A few months ago my family rescued a year-old border collie named Calvin. He was cuddly, great with the kids, had a beautiful shiny coat and was seemingly very healthy. However, within days of adopting him, his belly turned bright red and he started scratching like mad and chewing at his paws.  This behavior drove us crazy!

As an emergency veterinarian, I wasn’t too alarmed. Itchy skin is a common health issue that I treat all the time. I knew just what to do to help Calvin heal and feel better.

The cornerstone of treating skin issues is BATHING with a medicated shampoo. I popped my itchy dog into the tub and reached for Splash PLUS, my favorite pet shampoo, developed by veterinary dermatologists to bring fast relief to pets with itchy, foul-smelling and infected skin without using antibiotics.  With medicated shampoos, it’s important to leave the lather on the skin for 5-10 minutes so the active ingredients can do their job.

Lucky for us, Calvin’s itching disappeared immediately and he’s a happy pup again with a healthy vibrant coat. I’ve been bathing him once a week with Splash Shampoo to keep his skin in tip-top shape.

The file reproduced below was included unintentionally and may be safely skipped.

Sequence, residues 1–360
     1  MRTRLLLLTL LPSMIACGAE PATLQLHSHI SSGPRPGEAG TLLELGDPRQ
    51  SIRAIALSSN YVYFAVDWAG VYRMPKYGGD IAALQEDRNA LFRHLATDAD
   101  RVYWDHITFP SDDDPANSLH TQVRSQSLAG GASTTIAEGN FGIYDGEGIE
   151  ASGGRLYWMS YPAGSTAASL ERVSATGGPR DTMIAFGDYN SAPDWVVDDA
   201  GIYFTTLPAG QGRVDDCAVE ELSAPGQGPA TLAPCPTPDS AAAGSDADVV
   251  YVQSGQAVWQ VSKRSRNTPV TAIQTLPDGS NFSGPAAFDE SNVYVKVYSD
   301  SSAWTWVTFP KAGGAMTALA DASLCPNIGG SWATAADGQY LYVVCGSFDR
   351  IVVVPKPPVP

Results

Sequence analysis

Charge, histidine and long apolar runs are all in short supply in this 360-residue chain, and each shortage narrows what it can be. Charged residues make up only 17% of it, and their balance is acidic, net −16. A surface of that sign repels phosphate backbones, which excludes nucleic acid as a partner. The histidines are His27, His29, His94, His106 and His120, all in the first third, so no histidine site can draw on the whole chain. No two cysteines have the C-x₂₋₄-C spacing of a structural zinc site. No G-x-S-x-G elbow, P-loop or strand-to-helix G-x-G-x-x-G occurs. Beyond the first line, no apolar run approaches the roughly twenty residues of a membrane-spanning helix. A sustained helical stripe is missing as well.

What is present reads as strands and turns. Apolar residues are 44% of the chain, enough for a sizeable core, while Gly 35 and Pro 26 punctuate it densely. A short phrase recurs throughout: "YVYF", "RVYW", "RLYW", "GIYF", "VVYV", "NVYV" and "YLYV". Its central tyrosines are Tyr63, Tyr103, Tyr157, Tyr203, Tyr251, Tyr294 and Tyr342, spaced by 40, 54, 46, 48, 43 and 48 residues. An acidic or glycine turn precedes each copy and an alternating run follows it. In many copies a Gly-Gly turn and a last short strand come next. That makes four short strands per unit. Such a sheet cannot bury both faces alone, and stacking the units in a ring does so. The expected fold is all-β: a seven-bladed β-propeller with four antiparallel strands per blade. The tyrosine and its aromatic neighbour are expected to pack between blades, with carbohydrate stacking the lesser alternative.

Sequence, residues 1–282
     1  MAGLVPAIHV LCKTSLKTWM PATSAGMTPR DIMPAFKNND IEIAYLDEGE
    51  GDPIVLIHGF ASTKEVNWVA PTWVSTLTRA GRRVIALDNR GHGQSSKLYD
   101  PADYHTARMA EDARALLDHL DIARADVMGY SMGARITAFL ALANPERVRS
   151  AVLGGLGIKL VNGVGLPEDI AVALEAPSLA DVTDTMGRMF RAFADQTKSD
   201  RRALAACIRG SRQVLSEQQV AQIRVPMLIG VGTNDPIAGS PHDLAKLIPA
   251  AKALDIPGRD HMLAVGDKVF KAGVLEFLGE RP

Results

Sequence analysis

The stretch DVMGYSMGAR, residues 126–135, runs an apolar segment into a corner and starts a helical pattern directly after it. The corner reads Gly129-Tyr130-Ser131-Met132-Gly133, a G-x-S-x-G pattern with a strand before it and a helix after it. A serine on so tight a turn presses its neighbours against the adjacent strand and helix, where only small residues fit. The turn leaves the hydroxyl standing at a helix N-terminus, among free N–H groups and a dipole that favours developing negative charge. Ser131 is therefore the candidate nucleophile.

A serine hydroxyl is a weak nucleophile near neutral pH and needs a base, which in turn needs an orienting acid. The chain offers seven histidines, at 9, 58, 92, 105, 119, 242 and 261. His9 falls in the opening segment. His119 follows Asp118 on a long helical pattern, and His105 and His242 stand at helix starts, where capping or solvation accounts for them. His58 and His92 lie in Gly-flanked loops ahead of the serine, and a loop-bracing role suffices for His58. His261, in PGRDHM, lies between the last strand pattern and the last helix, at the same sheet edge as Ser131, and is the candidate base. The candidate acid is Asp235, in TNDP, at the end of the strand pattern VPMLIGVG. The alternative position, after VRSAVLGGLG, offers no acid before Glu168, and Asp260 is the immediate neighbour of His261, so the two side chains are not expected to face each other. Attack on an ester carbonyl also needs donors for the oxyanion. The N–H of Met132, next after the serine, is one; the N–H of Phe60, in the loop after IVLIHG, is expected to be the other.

Unfortunately, many pet parents wait until their pet’s skin condition has worsened before coming to see me.  Generally, it’s because they’ve spent a lot of time trying to diagnose the problem themselves.  Here’s what I wish they knew ahead of time:

Switching a pet’s brand of dog food usually doesn’t stop the scratching.  In fact, food accounts for only 5%-15% of all pet skin allergies.  If your veterinarian thinks your dog might be suffering from a food allergy, she might suggest a food trial over the course of 6-8 weeks.

Changing anything that makes contact with a pet’s skin like fabric and soap detergents is rarely the cause of a dog’s itching as well.

So what does cause itchy skin? The most common culprit is allergens that float through the air, like dust, pollen and mold. And you can’t rule out fleas.  One bite is enough to start a cascade of inflammation, which causes a dog to scratch himself raw very quickly.

Skin mites, yeast infections and immune disorders also cause itching but they’re not as common.

In all cases of itching, inflammation is what causes the scratching to start.  Repeated scratching traumatizes the skin leading to hair loss and infection.

The lesson here?  If you have an itchy dog, don’t spend your valuable time trying to self-diagnose.  Instead, start him on a bathing regimen as soon as you see that he’s scratching more than usual.  If his itching persists beyond a few days, visit your vet for further testing and consultation.

That’s what we’re here for!